The organization of this conference, spanning close to two years, brought together nearly 500 people from all over the province of Ontario. While many of the attendees worked in public education, other participants worked in non-education related fields such as health, correctional services, and child and family services. The two day event was kicked off with inspiring performances by Sisters of All Nations and Inuk singer-songwriter Susan Aglukark. We were honoured to have Dan and Mary Lou Smoke, well-respected and involved community members in both the Indigenous and non-Indigenous communities of London, open and close our conference. The Smokes shared with attendees their knowledge of First Nations faith, history, and culture through prayer, storytelling, and song. The conference keynote address was given by Indigenous advocate Wab Kinew, who shared through story his personal experiences of reconciliation. Attendees had the opportunity to listen to and learn from residential school survivors, who bravely shared their stories of truth, survival, and healing. Attendees were also able to attend experiential workshops that focused on increasing one’s cultural competency and creating safe spaces for dialogue and reflection.

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Copyright 2015 by Lndon Area Truth and Reconciliation Committee. Reprinted with permission

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While an emotional couple of days for many, the conference equally (re)ignited a fire in many of us on the importance of listening to and learning from one another. Responses from attendees were overwhelmingly positive; participants described the conference as “powerful”, “emotional”, and “contributing to the continued road to reconciliation.” For many of the participants, this conference was the first time they were able to critically engage in discussion and reflection around the impact of the residential school system. Standing in front of them were survivors, inviting attendees to walk in their shoes for a brief moment, sharing through story and photographs their individual experiences of what it was like to be forcibly removed from their homes and communities, a topic that can be difficult for some people to grasp.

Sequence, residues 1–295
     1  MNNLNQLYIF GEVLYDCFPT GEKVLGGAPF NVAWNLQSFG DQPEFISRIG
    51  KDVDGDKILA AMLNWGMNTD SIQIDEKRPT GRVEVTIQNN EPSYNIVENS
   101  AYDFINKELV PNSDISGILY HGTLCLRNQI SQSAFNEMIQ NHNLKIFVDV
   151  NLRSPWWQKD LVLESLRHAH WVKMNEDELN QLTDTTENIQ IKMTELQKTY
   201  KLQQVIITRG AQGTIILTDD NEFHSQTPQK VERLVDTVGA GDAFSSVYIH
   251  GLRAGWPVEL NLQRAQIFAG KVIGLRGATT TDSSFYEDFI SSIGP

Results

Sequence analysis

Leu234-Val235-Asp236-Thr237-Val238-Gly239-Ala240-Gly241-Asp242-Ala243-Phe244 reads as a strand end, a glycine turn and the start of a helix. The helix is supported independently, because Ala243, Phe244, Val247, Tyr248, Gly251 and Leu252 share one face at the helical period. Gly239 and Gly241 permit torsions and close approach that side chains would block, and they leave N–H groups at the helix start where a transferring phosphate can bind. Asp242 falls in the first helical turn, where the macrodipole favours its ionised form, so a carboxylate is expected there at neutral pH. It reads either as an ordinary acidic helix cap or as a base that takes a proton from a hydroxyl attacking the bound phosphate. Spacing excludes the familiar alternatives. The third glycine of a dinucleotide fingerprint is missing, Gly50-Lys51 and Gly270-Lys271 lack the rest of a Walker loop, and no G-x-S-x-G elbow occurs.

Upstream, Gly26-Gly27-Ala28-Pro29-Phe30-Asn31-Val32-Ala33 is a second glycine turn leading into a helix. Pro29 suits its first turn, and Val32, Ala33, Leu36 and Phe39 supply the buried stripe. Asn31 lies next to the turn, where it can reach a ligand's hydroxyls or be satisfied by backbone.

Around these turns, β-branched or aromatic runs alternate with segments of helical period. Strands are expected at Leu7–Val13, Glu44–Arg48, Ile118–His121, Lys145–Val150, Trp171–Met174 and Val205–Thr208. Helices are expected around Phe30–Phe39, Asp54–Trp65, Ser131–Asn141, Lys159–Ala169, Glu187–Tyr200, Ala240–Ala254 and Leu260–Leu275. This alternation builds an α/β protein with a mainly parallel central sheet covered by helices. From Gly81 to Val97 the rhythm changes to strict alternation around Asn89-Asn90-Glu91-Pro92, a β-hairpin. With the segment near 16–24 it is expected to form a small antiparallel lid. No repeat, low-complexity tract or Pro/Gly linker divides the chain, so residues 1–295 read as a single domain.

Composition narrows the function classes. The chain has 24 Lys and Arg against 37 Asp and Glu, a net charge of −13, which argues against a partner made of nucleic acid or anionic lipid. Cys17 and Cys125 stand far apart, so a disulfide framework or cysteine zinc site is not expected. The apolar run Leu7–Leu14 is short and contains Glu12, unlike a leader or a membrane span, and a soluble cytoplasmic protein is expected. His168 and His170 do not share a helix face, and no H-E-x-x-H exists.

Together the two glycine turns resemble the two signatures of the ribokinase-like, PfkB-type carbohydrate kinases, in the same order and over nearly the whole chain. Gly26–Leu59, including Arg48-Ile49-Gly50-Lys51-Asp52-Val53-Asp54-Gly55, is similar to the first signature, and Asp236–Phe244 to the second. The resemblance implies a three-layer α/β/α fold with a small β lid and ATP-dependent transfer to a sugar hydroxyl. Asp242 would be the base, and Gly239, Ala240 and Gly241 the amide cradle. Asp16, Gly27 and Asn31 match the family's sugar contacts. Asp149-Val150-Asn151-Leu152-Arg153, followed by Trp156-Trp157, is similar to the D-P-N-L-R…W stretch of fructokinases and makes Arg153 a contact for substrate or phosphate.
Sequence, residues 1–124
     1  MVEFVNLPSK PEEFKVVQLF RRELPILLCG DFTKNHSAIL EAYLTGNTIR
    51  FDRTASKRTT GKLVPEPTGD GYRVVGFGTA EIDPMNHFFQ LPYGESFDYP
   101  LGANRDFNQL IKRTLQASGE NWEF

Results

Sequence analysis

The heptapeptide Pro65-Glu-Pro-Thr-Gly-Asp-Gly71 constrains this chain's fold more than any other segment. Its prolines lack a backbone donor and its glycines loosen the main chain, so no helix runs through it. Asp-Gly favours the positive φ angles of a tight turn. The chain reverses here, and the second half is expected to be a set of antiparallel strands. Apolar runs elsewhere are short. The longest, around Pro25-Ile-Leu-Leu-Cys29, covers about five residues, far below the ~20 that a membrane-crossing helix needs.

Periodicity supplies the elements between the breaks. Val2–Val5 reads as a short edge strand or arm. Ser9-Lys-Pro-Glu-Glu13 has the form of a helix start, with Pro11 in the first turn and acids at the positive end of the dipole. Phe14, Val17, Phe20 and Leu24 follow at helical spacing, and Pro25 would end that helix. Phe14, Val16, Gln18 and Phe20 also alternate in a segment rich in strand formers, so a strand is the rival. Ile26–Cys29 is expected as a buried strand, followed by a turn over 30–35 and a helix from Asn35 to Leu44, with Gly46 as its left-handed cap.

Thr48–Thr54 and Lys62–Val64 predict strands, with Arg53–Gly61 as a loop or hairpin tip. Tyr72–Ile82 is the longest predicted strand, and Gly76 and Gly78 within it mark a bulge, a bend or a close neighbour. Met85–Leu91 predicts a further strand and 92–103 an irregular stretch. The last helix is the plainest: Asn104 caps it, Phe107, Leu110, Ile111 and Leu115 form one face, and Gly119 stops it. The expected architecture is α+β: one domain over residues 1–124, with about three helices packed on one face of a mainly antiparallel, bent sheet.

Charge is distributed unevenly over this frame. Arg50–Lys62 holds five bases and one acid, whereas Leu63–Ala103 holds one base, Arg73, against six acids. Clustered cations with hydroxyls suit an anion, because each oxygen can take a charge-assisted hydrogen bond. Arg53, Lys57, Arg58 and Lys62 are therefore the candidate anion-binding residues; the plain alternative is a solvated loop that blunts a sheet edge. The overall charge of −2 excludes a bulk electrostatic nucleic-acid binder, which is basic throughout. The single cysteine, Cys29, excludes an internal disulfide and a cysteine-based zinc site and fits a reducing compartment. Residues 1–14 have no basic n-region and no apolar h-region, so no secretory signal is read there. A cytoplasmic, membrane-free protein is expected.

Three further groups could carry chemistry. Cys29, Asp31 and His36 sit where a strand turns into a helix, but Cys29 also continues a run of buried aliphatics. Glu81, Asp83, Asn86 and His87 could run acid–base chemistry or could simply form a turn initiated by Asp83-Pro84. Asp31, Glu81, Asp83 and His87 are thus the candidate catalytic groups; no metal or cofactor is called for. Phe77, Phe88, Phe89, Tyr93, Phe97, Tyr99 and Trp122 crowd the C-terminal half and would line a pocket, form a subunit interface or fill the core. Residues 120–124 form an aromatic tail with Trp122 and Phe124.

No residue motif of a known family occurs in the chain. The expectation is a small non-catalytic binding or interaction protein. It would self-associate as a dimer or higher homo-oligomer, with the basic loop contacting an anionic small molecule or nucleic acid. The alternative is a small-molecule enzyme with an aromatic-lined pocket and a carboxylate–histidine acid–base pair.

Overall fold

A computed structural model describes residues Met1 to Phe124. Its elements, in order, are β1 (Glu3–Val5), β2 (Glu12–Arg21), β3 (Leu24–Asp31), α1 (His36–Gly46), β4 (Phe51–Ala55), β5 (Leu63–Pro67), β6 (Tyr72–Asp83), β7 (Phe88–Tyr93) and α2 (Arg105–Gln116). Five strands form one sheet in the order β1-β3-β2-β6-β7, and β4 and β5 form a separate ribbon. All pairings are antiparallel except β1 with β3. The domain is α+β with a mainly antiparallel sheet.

Attendees were excited to go back to their professional networks and share with colleagues their new learning. The planning of this conference involved many people, who brought to the table experiences, knowledge, and expertise that collectively led us to this exciting moment in time.

As a committee, we were grateful to finally see our hard work come to fruition. Nevertheless, we know this conference was only the first step in our local journey of reconciliation based learning and engagement.

Copyright 2015 by London Area Truth and Reconciliation Committee. Reprinted with permission

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Bumps in the Road

Soon after the conference was over, an incident was reported to us that a residential school survivor was denied a take-home educational resource kit by a non-Indigenous person because “he was not a teacher”. There was great concern that the refusal of this package led the survivor to being traumatized, which was ironic given the theme of the conference. As a committee we discussed this incident in great depth because both this incident and its lasting impact demonstrates both the places and spaces where reconciliation still needs to happen. While receiving such devastating news was certainly not a moment our committee was proud of, the incident allowed us to become more aware of the dynamics of structural racism. What became evident to us was the lack of cultural competency training and preparation our non-Indigenous staff and volunteers received prior to the conference. Ideally that moment of being asked for a resource was a time to recognize the person asking, a residential school survivor, and to recognize it was a time to offer respect and assistance, and be strong enough to step outside a prescribed role and say something like... “Yes, please give me a minute to check and I want you to know I respect your request.”